He leaned forward, his eyes piercing into hers. They were the soft green of sea-fog, half-lidded and hopeless. "I can save you," he whispered. "A kiss, or something. A task. You—you're like a princess from a fairy tale. Let me save you." But his princess shook her head, smiling as she wept pearly tears.
"I am not a princess, but a fairy godmother, the good enchantress, the kind beggar on the side of the road. I am nothing more than the reward for another's good deed; there is no reward for my purity.
Move on and be at rest. Love springs eternal, but the catalyst gets no prince. If you would have us as a fairy tale, we would both be misplaced.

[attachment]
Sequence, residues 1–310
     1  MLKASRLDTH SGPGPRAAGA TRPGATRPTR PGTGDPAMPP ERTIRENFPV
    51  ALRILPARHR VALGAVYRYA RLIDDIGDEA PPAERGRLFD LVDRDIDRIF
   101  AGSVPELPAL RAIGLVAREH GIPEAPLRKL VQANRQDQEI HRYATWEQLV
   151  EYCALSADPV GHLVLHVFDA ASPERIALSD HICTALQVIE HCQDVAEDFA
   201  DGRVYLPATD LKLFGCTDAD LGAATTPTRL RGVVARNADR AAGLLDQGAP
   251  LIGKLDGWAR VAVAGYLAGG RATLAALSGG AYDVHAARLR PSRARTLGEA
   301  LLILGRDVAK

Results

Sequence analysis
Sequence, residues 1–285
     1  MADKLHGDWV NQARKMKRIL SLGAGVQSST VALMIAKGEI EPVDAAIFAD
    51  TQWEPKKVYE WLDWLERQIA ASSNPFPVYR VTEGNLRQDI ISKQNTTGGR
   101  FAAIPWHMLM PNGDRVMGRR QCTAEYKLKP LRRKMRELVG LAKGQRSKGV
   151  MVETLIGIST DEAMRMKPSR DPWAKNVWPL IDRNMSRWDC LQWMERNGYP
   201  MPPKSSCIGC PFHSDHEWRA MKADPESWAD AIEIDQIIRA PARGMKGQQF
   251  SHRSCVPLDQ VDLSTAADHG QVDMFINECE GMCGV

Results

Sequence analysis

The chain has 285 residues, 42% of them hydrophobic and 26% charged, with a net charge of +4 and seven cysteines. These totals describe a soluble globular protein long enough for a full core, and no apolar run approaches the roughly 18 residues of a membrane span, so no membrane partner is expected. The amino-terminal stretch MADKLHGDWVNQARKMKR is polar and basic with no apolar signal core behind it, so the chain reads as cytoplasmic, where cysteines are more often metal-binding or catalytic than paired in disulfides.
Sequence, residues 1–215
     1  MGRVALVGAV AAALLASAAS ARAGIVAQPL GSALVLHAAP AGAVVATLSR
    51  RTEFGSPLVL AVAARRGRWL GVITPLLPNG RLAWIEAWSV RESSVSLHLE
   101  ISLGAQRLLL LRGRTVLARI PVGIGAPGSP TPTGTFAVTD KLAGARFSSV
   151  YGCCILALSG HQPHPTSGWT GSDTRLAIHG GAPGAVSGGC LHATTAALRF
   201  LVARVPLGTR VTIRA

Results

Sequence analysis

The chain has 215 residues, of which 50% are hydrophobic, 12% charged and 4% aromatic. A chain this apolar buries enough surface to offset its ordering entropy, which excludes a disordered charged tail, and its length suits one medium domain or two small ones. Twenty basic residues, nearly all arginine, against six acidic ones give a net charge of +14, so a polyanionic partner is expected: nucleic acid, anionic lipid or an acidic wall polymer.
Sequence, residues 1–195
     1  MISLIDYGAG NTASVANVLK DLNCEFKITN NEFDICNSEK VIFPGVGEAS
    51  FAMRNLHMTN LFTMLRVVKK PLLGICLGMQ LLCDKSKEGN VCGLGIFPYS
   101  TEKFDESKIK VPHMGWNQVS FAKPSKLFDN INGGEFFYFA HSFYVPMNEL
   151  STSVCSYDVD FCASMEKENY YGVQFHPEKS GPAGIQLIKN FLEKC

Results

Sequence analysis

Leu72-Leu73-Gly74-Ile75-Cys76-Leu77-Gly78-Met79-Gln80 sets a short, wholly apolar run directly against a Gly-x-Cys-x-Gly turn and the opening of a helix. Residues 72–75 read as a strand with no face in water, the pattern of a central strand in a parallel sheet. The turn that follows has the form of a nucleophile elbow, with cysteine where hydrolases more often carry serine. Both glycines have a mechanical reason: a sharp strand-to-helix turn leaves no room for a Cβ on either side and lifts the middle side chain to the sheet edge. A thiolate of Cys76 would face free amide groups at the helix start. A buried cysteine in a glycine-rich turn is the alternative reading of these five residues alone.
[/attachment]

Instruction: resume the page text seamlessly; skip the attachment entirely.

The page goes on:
Our fairy tales is reworked, modern. Misplaces. Our fairy tale is broken. You are the prince who has fallen in love with the queen—with the witch. Go find a princess you deserve." With that she turned to the wall and began to sob, grey tears soaking the carpet around her.
He let out a groan as he watched her, and then fled her house, which had no thicket of thorns, no dragon to slay.
The only obstacle between them was their selves.